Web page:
But he added an assurance that Google’s cloud infrastructure, upon which this version of OnAvaya will be based, should be quite sufficient to support these transactions.

“It’s the quality of the interaction that we’re focusing on, as opposed to the quantity,” said Manuele, “and we’re confident we can handle large volumes of interactions.”

It’s an end-to-end solution for Avaya, all right, although you can’t help but notice Google has a big stake in both ends.

You Have to Have Something

“In this space, they’re going to have to acquire something — these are new installations for us. That something, in this particular solution, happens to be a Chromebook device,” said Joe Manuele, Avaya’s senior vice president for global cloud services, speaking with CMSWire.

He’s talking about small and mid-size businesses (SMBs) that are acquiring not just call center services for the first time, but the hardware on which they run as well.

While thin clients are one option, Avaya's and Google’s joint sales partners will be pitching Chromebooks as an alternative hardware platform.

Chromebooks had been inexpensive alternatives to Windows-based notebooks, largely because their operating system is a slim, trim Linux geared to run the Chrome browser.

Today's announcement is a clear indicator that Google is willing to explore giving Chromebooks exclusive advantages — even artificial ones — if it makes them more competitive with customers making volume purchases.

OnAvaya’s videoconferencing features will be supplied using WebRTC technology, which the W3C consortium recently finalized as a standard for all modern browsers. Firefox and Internet Explorer currently support WebRTC, as well as Google Chrome.

Still, said Manuele, OnAvaya for now will be limited to Chromebooks, though it may expand to Google Chrome browsers on other devices in the future.

One Way for Omnichannel

Avaya hopes that SMB customers will perceive their larger competitors’ move toward omnichannel marketing as a signal that they need to make the same move themselves.

This spring, Avaya’s sales partners including Onix Networking will begin marketing a kind of out-of-the-box solution featuring a Chromebook (through a manufacturer of their choice), pre-loaded with Avaya Agent for Chrome software plus Google Apps, and custom-fitted with a Plantronics headset.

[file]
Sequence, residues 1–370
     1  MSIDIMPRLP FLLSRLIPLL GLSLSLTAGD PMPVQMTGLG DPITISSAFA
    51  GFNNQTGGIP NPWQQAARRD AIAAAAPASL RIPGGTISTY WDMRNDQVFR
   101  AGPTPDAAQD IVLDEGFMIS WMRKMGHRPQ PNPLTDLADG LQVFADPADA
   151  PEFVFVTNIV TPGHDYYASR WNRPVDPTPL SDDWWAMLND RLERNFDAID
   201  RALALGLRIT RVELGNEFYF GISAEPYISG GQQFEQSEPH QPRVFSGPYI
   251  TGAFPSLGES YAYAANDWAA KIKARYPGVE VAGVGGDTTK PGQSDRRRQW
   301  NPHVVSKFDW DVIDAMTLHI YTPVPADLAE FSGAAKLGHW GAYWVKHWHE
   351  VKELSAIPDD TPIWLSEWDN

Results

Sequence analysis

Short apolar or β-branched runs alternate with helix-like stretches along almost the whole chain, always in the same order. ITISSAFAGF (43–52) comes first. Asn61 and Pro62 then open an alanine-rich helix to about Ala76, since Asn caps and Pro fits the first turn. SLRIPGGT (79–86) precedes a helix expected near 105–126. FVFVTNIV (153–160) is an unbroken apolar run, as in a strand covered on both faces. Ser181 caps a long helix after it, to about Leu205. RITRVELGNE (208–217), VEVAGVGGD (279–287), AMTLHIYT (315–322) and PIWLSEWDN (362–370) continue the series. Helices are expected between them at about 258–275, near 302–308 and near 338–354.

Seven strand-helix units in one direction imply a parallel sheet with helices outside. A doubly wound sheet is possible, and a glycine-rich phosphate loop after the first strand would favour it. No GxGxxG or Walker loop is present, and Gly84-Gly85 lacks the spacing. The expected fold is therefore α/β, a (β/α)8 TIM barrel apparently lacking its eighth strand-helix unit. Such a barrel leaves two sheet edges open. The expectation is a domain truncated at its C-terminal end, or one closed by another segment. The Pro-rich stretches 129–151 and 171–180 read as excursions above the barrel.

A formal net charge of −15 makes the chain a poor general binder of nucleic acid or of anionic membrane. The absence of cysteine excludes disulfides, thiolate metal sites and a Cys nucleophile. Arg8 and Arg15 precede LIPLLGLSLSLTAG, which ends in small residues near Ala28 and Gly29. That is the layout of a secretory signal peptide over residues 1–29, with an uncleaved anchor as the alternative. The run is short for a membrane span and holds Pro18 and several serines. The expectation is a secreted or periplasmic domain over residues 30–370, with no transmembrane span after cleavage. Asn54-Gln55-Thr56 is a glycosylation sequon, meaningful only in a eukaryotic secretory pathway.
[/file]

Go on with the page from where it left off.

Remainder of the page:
“The simplicity, not just from an administrator’s perspective but also an operator’s, was key in designing this offer,” said Manuele. “We wanted to make it appealing enough that it has some of the product features of a larger contact center solution, but also it actually has to be easier to use so that it can scale for this market.”

A large mobile carrier can handle as many as 5 million transactions per day through its Avaya Call Center services, said Manuele.

But some 87 percent of those high-volume customers have self-provisioning options. He cautioned that the high side of the SMB market, all of whom will be self-provisioning, may not have to scale down its traffic expectations as much as one might initially expect.

But he added an assurance that Google’s cloud infrastructure, upon which this version of OnAvaya will be based, should be quite sufficient to support these transactions.

“It’s the quality of the interaction that we’re focusing on, as opposed to the quantity,” said Manuele, “and we’re confident we can handle large volumes of interactions.”

It’s an end-to-end solution for Avaya, all right, although you can’t help but notice Google has a big stake in both ends.

Creative Commons Creative Commons Attribution-Share Alike 2.0 Generic License Title image by Mikol.